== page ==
posted on 10 December 2015
by John Mauldin, Thoughts by Frontline
Rather than dive deeply into a single topic today, I will weigh in on some of last week's top financial stories. I recently did a webinar debate with my friend Frank Trotter, hosted by Robert Huebscher of Advisor Perspectives, on whether the Fed should raise rates in December.
I argued they should, for reasons I've written about before, so we won't go into that. But we did get a number of incisive, timely questions during and after the webinar. I will try to answer most of them in this letter.
Warning: if you have questions, I have answers. But you must remember, I am often wrong but seldom in doubt. Still, even I take my own answers with a grain of salt. Let's start with a preview of the questions.
"Insider Trading" at the ECB
The euro ripped higher after Mario "We'll Do Whatever It Takes" Draghi lowered interest rates to -0.30% and extended QE deep into 2017. Everybody said the market was disappointed, as it was expecting more - nothing new in that story. So why did the market expect more? I have seen the answer in only a few places.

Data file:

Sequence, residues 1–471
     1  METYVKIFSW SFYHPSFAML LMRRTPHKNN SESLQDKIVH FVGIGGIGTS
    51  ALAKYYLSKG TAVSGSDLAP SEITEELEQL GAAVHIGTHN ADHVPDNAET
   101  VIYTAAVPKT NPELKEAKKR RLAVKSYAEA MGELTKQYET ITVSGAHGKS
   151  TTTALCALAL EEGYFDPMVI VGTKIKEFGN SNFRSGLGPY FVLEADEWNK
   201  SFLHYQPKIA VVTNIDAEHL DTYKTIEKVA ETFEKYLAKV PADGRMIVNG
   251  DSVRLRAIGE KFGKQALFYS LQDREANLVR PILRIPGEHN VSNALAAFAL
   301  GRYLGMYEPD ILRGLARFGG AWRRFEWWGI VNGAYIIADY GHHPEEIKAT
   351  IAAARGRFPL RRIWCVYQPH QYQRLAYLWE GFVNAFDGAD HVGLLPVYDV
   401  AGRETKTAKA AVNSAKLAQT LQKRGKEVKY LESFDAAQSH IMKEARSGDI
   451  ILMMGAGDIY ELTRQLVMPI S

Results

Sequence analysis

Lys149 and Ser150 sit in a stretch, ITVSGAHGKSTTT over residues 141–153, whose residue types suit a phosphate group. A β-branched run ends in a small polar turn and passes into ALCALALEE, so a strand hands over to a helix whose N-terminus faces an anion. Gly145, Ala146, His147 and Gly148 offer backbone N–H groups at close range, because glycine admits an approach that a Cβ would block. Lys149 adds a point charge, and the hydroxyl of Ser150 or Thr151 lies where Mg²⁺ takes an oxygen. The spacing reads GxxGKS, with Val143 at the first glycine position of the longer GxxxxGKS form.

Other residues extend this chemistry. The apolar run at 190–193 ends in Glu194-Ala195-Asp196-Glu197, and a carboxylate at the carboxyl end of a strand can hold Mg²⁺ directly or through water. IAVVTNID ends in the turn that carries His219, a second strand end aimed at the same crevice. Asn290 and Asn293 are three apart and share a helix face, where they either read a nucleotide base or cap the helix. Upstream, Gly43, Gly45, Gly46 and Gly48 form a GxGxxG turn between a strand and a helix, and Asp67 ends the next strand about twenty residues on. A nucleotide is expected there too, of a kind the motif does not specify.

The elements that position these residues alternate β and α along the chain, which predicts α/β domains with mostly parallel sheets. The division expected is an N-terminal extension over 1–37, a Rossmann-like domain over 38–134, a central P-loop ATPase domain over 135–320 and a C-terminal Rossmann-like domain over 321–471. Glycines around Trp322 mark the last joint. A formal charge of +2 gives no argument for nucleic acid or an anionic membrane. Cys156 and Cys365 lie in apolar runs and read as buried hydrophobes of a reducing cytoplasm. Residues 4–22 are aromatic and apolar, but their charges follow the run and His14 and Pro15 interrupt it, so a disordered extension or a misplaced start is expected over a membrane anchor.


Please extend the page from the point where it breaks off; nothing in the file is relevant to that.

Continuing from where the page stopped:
First, the story was not just the euro's moving by four big figures in just a few hours. The German DAX plunged 4.5%, and interest rates rose, not just on German bonds but across the European Union. It was total carnage. So why did this happen?
The basic reason is that everybody doing the trading, at the prop desks of investment banks and in the hedge fund world, had piled onto the same side of the boat. The market was indeed expecting a deeper interest rate cut into negative territory, and that expectation was dashed.
There is a rule in trading: the first loss is the best loss. Sometimes doubling down on a losing trade can work out, but the wisdom behind the rule is that it doesn't work that often. The way you avoid a 20% loss on a trade is to cut the loss at 5%.
The selling wasn't coming from retail investors: it was all traders and hedge funds. Some sold immediately, triggering more losses, which triggered more sell signals, which spun into more losses and resulting sell signals, and pretty soon the market was experiencing severe whiplash. There were red screens everywhere.
Why was everybody on the same side of the boat? Because the ECB (read Draghi) told them to expect more. "Wait a minute," you say,
I mean just that. The ECB conducts regular conferences with what they call "market participants":